BILL ANALYSIS                                                                                                                                                                                                    




                     SENATE GOVERNANCE & FINANCE COMMITTEE
                            Senator Lois Wolk, Chair
          

          BILL NO:  AB 182                      HEARING:  7/3/13
          AUTHOR:  Buchanan                     FISCAL:  Yes
          VERSION:  6/27/13                     TAX LEVY:  No
          CONSULTANT:  Grinnell                 

                                  SCHOOL BONDS
          

          Sets a maximum debt-to-principal ratio, and other limits on  
          bonds issued by school and community college districts.


                           Background and Existing Law  

          When public agencies issue bonds, they essentially borrow  
          money from investors, who provide cash in exchange for the  
          agencies' commitment to repay the principal amount of the  
          bond plus interest in the future.  The California  
          Constitution requires counties, cities, and school  
          districts to get voter approval for long-term debt (Section  
          1, Article XIIIA).   Counties, cities, school districts,  
          community college districts, and some special districts can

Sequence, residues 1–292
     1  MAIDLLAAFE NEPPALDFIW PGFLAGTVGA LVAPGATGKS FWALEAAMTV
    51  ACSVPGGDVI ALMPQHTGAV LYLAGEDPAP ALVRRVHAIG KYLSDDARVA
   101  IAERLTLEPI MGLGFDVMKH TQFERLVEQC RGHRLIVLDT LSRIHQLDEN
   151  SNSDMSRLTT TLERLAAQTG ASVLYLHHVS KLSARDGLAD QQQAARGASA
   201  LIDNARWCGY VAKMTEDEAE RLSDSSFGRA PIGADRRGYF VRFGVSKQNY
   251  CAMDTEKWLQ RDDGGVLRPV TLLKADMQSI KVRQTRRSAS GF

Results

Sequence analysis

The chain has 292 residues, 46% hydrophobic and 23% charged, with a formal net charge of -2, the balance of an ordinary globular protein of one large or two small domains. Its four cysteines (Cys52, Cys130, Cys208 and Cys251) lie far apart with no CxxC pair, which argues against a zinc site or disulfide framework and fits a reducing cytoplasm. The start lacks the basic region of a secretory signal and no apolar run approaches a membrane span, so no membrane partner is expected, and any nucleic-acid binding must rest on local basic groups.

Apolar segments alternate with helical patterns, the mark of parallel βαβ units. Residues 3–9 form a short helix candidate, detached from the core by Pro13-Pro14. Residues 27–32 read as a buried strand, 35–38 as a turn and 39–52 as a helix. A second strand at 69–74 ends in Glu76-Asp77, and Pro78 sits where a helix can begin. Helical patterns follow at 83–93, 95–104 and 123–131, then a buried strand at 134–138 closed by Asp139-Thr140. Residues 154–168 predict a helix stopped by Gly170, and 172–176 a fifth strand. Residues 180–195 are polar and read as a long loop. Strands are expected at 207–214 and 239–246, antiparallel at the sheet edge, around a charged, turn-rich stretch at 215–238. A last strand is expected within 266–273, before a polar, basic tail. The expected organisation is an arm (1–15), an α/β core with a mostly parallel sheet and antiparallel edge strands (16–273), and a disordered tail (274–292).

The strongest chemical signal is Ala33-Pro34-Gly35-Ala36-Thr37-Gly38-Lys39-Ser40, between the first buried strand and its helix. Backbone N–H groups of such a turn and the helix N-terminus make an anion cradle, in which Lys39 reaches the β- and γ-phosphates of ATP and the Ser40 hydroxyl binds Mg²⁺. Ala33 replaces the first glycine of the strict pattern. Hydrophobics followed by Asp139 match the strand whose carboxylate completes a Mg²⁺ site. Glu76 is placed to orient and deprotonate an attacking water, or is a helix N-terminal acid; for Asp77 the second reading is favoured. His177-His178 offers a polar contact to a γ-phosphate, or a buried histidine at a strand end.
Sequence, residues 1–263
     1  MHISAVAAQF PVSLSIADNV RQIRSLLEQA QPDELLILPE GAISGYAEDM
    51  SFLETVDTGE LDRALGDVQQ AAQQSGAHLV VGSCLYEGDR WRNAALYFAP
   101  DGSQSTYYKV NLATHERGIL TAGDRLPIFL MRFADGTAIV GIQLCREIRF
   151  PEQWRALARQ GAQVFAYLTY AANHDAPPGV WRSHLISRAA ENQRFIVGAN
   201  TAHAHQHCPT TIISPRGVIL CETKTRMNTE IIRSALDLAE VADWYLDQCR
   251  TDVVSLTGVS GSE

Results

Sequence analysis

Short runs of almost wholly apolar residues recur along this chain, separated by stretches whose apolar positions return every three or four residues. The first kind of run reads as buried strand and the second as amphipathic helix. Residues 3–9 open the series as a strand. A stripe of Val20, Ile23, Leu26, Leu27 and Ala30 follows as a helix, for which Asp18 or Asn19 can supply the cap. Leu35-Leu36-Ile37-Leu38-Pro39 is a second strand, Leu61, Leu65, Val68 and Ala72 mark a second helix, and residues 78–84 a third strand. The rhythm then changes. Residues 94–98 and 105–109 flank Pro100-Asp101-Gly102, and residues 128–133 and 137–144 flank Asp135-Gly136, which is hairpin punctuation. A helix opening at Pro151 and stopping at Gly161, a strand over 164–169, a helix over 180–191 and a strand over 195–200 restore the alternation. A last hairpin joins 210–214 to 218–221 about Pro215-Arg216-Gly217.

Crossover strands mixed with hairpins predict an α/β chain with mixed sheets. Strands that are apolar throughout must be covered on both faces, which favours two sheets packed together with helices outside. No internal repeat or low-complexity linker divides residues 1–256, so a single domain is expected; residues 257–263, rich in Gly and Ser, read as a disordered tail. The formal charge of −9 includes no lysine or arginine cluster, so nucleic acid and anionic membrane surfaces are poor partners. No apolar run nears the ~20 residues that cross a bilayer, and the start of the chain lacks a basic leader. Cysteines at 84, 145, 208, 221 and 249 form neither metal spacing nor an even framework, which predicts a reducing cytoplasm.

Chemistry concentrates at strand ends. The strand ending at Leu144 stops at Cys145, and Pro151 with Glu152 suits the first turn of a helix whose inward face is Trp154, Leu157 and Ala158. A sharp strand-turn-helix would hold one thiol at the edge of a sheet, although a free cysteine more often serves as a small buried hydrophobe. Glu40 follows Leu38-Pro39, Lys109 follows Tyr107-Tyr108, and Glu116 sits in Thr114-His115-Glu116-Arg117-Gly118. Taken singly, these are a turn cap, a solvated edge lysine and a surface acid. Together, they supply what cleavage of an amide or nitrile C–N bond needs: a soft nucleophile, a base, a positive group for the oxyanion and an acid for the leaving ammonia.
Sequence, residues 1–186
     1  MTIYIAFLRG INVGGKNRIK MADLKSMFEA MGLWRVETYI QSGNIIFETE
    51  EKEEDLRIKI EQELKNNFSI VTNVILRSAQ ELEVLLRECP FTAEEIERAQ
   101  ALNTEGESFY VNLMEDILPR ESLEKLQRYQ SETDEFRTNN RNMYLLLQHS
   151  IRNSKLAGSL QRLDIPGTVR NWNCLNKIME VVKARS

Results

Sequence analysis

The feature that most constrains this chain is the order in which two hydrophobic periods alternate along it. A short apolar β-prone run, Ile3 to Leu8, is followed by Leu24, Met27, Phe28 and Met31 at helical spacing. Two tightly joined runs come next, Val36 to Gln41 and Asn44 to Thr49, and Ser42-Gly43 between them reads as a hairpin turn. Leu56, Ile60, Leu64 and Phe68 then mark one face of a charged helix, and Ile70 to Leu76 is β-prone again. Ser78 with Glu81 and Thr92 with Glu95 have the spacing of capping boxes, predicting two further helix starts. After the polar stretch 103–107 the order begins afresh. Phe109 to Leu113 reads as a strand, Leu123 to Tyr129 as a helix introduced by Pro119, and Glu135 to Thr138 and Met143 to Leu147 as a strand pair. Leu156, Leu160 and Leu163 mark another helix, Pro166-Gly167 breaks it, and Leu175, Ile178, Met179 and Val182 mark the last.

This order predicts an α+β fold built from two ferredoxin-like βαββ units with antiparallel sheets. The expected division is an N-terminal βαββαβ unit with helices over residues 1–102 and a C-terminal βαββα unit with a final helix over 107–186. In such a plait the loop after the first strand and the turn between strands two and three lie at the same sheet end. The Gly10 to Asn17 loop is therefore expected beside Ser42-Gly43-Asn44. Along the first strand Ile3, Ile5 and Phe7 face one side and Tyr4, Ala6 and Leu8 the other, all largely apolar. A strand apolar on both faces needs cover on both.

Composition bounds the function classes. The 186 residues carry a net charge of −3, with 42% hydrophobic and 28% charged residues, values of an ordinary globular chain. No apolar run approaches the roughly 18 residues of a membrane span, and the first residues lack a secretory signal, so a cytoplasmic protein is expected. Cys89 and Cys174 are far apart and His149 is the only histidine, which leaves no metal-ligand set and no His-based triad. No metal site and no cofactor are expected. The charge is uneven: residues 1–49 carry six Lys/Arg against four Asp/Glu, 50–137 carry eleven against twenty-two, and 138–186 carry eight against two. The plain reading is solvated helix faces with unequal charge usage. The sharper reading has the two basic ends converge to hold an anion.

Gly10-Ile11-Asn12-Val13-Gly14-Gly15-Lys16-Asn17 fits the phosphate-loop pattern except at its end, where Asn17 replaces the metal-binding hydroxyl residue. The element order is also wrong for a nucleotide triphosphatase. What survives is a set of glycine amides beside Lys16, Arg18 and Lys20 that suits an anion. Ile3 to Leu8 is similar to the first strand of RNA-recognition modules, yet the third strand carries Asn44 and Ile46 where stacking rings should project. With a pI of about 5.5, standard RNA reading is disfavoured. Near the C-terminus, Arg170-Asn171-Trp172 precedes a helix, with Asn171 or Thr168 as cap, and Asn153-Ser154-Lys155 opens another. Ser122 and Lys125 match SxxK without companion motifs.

issue general obligation (GO) bonds, secured by ad valorem,  
          or according to value, property tax revenues with 2/3-voter  
          approval.  Proposition 39 (2000)  allows school districts  
          and school facility improvement districts to issue GO bonds  
          to build, rehabilitate, or replace schools with 55% voter  
          approval subject to certain conditions.  However, community  
          college and school districts cannot levy a tax to approve a  
          bond in any year that exceeds $60 per $100,000 of assessed  
          valuation for a unified school district, or $30 per  
          $100,000 of assessed valuation for other school districts.   
          Additionally, each local agency is subject to the  
          Constitutional debt limit, which requires two-thirds voter  
          approval to encumber public funds beyond the current fiscal  
          year (Section 18, Article XVI).

          To issue a bond, a community college or school district  
          first orders an election and approves ballot measure  
          language.  Second, the county registrar distributes a  
          sample ballot containing the text of the measures, a  
          projection of tax rates needed to repay the bond prepared  
          by the district, a legal analysis from the county counsel,  
          and arguments for and against the bond measure.  If voters  





          AB 182 -- 06/27/13 -- PageB

          approve the measure, the district then passes a resolution